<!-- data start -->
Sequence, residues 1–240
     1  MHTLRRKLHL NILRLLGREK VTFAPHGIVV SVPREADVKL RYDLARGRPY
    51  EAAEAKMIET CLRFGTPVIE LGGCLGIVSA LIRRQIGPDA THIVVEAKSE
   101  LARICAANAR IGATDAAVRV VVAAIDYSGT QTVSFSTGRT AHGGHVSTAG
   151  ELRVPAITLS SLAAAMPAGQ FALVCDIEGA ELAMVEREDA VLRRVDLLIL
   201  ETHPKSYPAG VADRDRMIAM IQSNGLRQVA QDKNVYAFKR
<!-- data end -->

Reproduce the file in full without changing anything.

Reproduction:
Sequence, residues 1–240
     1  MHTLRRKLHL NILRLLGREK VTFAPHGIVV SVPREADVKL RYDLARGRPY
    51  EAAEAKMIET CLRFGTPVIE LGGCLGIVSA LIRRQIGPDA THIVVEAKSE
   101  LARICAANAR IGATDAAVRV VVAAIDYSGT QTVSFSTGRT AHGGHVSTAG
   151  ELRVPAITLS SLAAAMPAGQ FALVCDIEGA ELAMVEREDA VLRRVDLLIL
   201  ETHPKSYPAG VADRDRMIAM IQSNGLRQVA QDKNVYAFKR